Winnipeg police chief calls investigation into why 911 call cancelled

WINNIPEG - Police in Manitoba's capital have launched an internal investigation to find out why a response to a 911 call was cancelled just before a fatal shooting outside a downtown nightclub.

Winnipeg's 911 centre received a call at 1:39 a.m. Sunday from staff at the Opera Ultralounge, who reported a fight outside the bar, police Chief Devon Clunis said Tuesday. A call for service was generated within three minutes.

Seventeen minutes later, the response was cancelled for reasons that aren't clear. Four minutes after that, someone called 911 to report a firearm had been discharged. Rustom Paclipan, 23, died.

Clunis was unable to say who decided to cancel the response and why.

"That's why I've ordered the investigation — to really determine all of those details," he said at a news conference.

"There are numerous reasons why (a call may be cancelled), but again, because of the nature of the situation, I really do not want to speculate."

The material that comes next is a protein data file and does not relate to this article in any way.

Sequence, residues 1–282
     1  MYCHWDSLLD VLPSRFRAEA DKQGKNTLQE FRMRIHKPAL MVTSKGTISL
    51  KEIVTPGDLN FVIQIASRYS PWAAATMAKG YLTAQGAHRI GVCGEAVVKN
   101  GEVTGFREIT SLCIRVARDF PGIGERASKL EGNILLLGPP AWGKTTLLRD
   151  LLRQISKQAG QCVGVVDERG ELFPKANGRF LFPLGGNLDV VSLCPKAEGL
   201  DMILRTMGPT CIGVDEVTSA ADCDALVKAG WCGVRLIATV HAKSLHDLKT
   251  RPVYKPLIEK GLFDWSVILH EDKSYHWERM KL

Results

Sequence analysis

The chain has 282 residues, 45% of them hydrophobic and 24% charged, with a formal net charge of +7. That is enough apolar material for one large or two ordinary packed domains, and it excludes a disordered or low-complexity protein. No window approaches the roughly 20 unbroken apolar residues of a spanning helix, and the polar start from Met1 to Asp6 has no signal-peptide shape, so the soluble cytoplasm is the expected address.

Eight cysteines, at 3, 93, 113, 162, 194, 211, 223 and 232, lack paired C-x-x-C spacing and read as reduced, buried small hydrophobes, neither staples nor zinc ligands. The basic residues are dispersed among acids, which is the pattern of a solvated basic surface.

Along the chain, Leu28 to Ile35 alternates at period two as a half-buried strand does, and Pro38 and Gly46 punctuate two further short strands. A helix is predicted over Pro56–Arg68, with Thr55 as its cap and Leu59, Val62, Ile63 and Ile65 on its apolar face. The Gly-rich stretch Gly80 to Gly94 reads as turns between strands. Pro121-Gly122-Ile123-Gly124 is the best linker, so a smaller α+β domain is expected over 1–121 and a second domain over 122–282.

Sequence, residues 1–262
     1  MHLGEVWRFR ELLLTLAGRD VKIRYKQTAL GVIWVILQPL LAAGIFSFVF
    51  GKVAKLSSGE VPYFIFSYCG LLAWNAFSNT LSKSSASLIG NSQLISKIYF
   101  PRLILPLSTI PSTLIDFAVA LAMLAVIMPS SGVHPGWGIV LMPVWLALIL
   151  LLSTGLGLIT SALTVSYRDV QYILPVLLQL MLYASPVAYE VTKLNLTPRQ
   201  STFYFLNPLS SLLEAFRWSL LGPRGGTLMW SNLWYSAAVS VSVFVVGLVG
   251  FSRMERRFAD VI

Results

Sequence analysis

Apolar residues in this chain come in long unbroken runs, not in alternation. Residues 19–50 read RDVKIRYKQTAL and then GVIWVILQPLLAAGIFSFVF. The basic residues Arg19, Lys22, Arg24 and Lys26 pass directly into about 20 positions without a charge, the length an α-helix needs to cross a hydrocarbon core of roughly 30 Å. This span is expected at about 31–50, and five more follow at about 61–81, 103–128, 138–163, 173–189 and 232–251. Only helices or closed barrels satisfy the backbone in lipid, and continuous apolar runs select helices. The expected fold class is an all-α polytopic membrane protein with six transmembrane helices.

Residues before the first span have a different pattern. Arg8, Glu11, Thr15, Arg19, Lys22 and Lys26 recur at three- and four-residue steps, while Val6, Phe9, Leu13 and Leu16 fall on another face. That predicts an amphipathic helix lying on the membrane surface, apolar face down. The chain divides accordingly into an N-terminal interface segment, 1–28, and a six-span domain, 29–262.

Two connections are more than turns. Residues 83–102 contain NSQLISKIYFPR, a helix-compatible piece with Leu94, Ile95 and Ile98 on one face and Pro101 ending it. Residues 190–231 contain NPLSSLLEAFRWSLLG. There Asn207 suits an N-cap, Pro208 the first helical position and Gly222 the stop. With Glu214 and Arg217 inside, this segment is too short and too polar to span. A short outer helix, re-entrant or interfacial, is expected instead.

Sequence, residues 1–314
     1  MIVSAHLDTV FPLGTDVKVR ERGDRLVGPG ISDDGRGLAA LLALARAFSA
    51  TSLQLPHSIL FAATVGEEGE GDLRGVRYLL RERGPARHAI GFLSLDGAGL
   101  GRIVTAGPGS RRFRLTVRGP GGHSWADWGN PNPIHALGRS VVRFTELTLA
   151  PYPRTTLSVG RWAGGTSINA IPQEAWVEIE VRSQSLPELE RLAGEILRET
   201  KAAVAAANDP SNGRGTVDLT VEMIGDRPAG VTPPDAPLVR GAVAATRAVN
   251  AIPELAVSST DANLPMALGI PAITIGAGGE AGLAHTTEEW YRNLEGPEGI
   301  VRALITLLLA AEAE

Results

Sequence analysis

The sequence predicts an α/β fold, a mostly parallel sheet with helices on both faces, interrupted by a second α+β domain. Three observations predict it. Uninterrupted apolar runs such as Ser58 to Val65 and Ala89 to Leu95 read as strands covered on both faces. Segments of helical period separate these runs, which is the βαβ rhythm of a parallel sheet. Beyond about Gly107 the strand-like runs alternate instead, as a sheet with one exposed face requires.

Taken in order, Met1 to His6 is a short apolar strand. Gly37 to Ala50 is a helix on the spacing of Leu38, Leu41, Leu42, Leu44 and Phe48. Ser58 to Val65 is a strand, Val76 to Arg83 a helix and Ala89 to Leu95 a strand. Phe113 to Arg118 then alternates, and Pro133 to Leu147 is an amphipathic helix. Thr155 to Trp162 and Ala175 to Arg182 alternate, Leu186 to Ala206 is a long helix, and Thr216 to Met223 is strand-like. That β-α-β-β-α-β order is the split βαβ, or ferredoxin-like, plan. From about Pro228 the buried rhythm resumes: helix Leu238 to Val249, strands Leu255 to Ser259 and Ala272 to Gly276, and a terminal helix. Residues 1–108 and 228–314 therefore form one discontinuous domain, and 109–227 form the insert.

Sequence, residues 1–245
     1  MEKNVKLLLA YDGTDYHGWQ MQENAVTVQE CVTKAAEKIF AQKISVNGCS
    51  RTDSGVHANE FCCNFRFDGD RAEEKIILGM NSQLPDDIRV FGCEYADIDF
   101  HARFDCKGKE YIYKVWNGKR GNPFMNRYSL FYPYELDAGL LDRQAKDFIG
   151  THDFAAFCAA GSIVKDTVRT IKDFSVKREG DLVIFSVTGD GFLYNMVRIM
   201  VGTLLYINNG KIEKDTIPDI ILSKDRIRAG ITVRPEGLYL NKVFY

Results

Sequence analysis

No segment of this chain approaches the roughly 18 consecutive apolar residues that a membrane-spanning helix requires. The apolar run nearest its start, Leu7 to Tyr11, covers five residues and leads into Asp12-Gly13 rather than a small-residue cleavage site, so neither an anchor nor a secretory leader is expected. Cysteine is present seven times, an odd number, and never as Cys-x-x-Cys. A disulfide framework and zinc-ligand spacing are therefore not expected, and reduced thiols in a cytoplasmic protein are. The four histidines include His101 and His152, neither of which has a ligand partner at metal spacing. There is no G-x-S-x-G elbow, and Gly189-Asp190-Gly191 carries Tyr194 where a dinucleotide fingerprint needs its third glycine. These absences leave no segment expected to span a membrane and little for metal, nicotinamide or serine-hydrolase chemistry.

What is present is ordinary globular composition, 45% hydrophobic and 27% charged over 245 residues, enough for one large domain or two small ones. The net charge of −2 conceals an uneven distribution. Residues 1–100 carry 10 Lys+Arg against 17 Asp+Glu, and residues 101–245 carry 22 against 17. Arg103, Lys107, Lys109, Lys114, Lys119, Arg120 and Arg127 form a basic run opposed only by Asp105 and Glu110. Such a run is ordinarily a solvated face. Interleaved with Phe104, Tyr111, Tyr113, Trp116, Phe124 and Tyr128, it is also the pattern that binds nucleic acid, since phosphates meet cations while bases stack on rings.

James Jewell, a retired homicide investigator who runs a blog on justice issues, pointed out that the timeline given by police shows the call came in as bars were closing — a very busy time for the 911 centre.

Jewell said there are three likely scenarios under which a 911 call might be cancelled: staff call police to say the situation is resolved; police attend and find no problems; or time passes and someone at the 911 centre cancels the response because no other calls from the scene have come in.

"It's interesting to note the call was cancelled at 1:59:45 a.m.," Jewell wrote in an email.

"The Opera Ultralounge closed that night at 2:00 a.m. Considering almost 20 minutes elapsed since the call was entered, it's not difficult to assume someone may have used their discretion to close the call under the belief police were no longer required."

No arrests have been made in the shooting death and there was no indication Tuesday how long the internal police investigation might last.

The 911 centre was the subject of a provincial inquest in 2002 following the deaths of two women who had called police and the centre a total of five times in one night.

Doreen Leclair and Corrine McKeown were asking for protection from William Dunlop, McKeown's former boyfriend. He stabbed them to death before police arrived at Leclair's house after the fifth and final call.

The inquest recommended better training and higher staffing levels at the 911 centre.